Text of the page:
Another missionary commented that the violence had given her new insight into the Old Testament.
In part, the Christians of the Ottoman Empire were being punished for the Balkan Wars, which led to the loss of much of the empire’s European territory. As a result, more than a quarter of a million Muslim refugees fled into the empire’s diminishing domain. An independent enquiry found that the infamously gruesome violence in the Balkans was more or less evenly dispersed among Christians and Muslims. Regardless, public opinion was manipulated by the Turkish press, which focused on stories of the atrocities committed against Muslims.
Though the events of Grit and Grace took place a century ago, many resonate with current headlines. The closest Elliott comes to addressing this directly is in her description of a pamphlet titled ‘Especially for Muslims’, written in simple language and distributed in 1913, that:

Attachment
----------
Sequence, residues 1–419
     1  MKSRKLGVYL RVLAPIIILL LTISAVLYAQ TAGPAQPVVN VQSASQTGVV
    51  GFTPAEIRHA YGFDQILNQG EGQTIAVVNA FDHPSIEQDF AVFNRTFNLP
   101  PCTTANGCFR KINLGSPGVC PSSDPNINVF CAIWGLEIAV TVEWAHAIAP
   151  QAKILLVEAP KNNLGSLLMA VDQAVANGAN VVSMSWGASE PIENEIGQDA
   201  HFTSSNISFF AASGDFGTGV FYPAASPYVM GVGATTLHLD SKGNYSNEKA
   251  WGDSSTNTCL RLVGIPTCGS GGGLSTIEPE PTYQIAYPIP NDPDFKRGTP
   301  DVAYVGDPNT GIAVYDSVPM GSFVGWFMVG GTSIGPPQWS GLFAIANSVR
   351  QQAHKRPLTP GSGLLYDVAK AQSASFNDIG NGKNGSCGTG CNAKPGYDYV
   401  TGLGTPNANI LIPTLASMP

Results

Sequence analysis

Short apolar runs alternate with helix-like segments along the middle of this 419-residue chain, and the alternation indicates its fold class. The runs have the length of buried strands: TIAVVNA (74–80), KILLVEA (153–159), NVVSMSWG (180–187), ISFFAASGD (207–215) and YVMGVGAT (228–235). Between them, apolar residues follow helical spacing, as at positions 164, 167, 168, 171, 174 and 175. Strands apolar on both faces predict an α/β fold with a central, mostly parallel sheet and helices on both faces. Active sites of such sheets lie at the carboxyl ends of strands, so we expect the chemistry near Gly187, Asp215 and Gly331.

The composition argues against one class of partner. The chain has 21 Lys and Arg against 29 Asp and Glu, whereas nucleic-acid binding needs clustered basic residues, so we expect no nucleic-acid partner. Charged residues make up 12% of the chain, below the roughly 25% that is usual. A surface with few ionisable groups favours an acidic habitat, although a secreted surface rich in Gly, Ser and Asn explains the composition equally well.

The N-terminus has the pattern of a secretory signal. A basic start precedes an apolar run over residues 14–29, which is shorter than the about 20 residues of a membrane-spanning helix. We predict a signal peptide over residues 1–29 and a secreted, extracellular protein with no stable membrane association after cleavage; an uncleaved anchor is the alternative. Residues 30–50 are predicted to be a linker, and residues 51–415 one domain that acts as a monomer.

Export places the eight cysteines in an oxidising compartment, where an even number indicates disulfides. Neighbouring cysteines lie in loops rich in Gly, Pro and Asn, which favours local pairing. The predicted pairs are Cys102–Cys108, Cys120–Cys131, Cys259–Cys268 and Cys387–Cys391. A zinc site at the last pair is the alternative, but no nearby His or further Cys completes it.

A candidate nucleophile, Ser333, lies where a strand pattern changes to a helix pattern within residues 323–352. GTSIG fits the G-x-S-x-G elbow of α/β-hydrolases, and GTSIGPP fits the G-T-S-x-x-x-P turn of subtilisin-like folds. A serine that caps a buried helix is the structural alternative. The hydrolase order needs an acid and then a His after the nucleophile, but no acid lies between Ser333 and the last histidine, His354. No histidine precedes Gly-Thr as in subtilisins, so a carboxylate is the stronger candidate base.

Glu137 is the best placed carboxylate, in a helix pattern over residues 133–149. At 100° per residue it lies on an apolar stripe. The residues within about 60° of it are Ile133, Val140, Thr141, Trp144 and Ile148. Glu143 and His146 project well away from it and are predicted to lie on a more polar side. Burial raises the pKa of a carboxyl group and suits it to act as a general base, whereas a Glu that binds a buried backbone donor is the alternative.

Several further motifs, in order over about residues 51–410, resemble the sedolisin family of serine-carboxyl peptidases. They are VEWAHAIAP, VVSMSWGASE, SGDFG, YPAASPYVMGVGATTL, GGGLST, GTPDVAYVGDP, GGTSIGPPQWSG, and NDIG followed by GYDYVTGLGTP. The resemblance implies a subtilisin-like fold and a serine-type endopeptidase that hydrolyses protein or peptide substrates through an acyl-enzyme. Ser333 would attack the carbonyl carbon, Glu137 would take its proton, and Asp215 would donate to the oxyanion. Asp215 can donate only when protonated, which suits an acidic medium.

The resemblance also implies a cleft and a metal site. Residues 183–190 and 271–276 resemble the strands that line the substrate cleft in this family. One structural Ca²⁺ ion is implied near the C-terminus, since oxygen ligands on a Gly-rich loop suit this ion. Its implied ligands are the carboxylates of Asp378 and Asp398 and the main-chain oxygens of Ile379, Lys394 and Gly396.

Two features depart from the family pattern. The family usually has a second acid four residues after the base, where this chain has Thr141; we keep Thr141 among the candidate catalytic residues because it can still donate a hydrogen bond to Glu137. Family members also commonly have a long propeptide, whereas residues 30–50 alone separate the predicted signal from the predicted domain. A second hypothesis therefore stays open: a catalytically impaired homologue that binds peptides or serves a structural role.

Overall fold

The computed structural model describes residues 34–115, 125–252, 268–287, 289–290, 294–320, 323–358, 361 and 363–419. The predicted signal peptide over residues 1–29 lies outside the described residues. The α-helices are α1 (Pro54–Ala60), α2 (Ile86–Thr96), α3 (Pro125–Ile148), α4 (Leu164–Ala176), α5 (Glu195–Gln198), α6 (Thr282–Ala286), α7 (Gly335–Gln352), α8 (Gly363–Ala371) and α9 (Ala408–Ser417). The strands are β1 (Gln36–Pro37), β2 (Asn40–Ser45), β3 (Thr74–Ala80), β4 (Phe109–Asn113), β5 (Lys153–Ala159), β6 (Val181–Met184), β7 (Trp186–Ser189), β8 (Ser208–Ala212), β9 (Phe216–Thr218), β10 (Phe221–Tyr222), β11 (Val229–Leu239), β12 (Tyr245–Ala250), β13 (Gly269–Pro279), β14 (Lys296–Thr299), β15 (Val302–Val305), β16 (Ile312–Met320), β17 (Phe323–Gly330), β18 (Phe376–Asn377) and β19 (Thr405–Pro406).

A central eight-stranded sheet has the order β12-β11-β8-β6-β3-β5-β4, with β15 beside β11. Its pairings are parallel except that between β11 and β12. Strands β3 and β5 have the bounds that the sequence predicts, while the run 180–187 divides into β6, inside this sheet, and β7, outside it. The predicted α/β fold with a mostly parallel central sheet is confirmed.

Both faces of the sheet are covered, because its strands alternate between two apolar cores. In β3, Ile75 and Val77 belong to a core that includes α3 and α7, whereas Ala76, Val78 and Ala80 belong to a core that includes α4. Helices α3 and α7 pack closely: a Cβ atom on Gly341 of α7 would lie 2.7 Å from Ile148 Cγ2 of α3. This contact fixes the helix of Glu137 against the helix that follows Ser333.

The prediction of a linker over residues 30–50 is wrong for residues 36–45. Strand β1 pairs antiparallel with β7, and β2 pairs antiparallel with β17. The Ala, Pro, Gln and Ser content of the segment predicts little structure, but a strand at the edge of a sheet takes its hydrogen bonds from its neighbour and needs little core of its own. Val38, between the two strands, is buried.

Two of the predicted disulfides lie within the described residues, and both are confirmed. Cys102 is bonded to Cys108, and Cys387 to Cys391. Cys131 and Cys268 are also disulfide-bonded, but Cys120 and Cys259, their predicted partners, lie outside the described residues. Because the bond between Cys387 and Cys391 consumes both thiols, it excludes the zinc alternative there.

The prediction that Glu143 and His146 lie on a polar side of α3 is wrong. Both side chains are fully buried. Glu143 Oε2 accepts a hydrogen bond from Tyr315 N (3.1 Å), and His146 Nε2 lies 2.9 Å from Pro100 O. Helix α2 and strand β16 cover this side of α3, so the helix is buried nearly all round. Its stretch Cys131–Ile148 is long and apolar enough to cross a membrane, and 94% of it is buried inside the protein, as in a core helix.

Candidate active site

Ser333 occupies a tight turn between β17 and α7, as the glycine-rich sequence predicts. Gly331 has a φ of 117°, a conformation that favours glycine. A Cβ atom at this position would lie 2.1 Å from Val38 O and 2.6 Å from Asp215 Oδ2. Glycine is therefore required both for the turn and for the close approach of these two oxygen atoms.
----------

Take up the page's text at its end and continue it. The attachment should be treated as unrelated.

… reminded readers of the atrocities committed by Christians during the Balkan Wars (omitting mention of any committed by Muslims), of the loss of imperial territory, and of children reduced to begging on the streets. The message was very clear: To make the Ottoman Empire great again, buy only Turkish goods.
Yet, as Elliott notes, drawing on the aid workers’ recollections, there were also many Turks who ignored the propaganda and saved Armenians and other Christians, though the punishment for doing so was death.
By the end of 1918, World War I had ended. The British attempted to restore order in Constantinople and Anatolia while claiming Ottoman territory for themselves through the treaty process. They also organised courts-martial for those responsible for the genocide, precursors to the Nuremburg trials of 1945.
During the worst of the war, the missionaries had been forced to leave Talas. They returned in 1919 to discover, as Elliott describes, ‘In total 88 000, mostly women and children, needed aid, and 10 000 of them were orphans – who needed everything.’
The violence was far from over for Ottoman citizens, however. In May 1919, the Greek army landed in Smyrna. Mustafa Kemal, who later took the name Ataturk, formed the Nationalist army to seize control from the British and those Turks aligned with them. Ataturk’s forces also continued to push eastward, into Armenian territory abandoned by Russia during the Bolshevik Revolution. The newly formed Democratic Republic of Armenia would likely have been destroyed had it not signed a treaty with Russia in 1920, becoming the Armenian Soviet Socialist Republic.